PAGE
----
Republican Sens. Lindsey GrahamLindsey Olin GrahamThe Hill's 12:30 Report - Presented by Facebook - Biden meets with lawmakers amid domestic agenda panic The Hill's Morning Report - Presented by Alibaba - House Democrats plagued by Biden agenda troubles Graham tries to help Trump and McConnell bury the hatchet MORE (S.C.) and Susan CollinsSusan Margaret CollinsCollins to endorse LePage in Maine governor comeback bid McConnell privately urged GOP senators to oppose debt ceiling hike GOP senator will 'probably' vote for debt limit increase MORE (Maine) are defending former Vice President Joe BidenJoe BidenUkraine's president compares UN to 'a retired superhero' Biden touts 'progress' during 'candid' meetings on .5T plan Biden to tap law professor who wants to 'end banking as we know it' as OCC chief: reports MORE amid allegations from four women that he touched them inappropriately, according to HuffPost.
Biden’s style is that of a “glad-handing politician,” Graham, a close Senate ally of President TrumpDonald TrumpUkraine's president compares UN to 'a retired superhero' Collins to endorse LePage in Maine governor comeback bid Heller won't say if Biden won election MORE’s, told the publication.
“Maybe at times he’s done some things that make people feel uncomfortable, but it matters to me what his intent is,” Graham told reporters Wednesday. “I just think he’s a good guy. I think he means nothing bad by this.”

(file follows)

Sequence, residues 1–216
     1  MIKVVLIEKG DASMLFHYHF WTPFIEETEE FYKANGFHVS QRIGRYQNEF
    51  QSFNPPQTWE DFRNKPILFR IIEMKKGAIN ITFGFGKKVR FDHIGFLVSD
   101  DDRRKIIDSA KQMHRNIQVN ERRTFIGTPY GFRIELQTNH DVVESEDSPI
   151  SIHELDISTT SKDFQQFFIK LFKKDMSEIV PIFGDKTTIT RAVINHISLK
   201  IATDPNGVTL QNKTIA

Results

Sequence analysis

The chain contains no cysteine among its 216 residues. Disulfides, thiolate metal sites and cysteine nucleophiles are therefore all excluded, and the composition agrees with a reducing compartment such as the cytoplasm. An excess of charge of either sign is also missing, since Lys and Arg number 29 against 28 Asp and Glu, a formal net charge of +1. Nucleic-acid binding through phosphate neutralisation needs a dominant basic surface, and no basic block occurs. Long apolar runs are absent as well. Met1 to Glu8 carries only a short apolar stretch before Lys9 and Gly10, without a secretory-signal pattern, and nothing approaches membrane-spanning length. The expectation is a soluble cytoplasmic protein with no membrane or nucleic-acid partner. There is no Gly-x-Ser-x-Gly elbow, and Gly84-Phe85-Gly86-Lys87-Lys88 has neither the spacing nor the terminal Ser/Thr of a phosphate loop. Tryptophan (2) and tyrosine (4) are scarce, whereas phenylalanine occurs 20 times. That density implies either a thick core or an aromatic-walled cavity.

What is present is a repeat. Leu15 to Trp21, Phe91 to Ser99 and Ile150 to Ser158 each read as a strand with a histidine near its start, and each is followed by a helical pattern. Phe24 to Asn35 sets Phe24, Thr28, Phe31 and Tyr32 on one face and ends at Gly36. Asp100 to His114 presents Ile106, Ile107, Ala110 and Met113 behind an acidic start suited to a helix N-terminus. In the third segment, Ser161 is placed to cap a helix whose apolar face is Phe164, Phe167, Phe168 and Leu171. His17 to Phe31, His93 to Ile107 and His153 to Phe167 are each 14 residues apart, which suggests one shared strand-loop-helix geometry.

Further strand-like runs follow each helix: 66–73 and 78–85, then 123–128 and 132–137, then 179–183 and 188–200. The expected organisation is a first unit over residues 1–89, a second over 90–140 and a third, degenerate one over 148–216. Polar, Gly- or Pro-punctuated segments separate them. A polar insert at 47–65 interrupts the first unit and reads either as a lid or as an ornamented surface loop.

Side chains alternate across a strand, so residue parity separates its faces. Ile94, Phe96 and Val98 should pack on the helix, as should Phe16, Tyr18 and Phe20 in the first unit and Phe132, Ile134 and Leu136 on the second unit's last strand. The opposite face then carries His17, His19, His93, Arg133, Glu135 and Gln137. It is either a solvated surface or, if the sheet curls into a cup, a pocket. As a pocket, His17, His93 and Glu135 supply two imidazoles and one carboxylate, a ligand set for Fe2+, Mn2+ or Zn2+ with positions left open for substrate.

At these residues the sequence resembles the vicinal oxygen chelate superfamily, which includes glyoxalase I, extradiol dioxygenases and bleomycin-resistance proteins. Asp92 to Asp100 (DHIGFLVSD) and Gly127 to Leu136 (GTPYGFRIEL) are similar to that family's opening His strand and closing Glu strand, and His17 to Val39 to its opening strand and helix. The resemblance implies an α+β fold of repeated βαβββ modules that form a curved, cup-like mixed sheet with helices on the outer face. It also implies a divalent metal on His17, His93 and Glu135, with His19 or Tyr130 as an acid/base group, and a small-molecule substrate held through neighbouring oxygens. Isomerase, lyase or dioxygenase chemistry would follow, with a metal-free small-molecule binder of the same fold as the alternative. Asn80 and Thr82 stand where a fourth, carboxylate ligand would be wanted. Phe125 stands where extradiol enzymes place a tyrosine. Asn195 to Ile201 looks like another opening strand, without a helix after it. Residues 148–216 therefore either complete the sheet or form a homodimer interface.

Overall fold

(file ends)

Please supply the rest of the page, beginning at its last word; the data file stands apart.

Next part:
Collins said the former vice president is “a very friendly, affectionate individual who is a natural toucher” and said she had “never found him to be inappropriate.”
Biden served in the Senate with Graham from 2003 to 2009 and with Collins from 1997 to 2009.
Four women have accused Biden of touching them inappropriately, including former Nevada assemblywoman Lucy Flores, who said Biden kissed the back of her head and sniffed her hair in 2014.
Biden has denied that he did anything inappropriate, but promised to listen to his accusers.
Numerous allies and former colleagues of Biden have defended his conduct, including former Missouri Sen. Jean Carnahan (D), who said Tuesday that Biden has a “deep desire to share in the lives of others.” Sen. Dianne FeinsteinDianne Emiel FeinsteinSenate advances Biden consumer bureau pick after panel logjam Republicans caught in California's recall trap F-35 fighter jets may fall behind adversaries, House committee warns MORE (D-Calif.) called Biden a “warm, tactile person” earlier this week.
Speaker Nancy PelosiNancy PelosiBiden touts 'progress' during 'candid' meetings on .5T plan Manchin: Biden told moderates to pitch price tag for reconciliation bill On The Money — Democrats rush to finish off infrastructure MORE (D-Calif.) said that while Biden’s conduct did not “disqualify him” from the presidency, the former VP “has to understand, in the world that we're in now, that people's space is important to them.”
Biden has not yet announced a run for the Democratic presidential nomination but has consistently led the field in polling, usually followed by Sen. Bernie SandersBernie SandersBiden touts 'progress' during 'candid' meetings on .5T plan Manchin: Biden told moderates to pitch price tag for reconciliation bill Biden employs flurry of meetings to unite warring factions MORE (I-Vt.).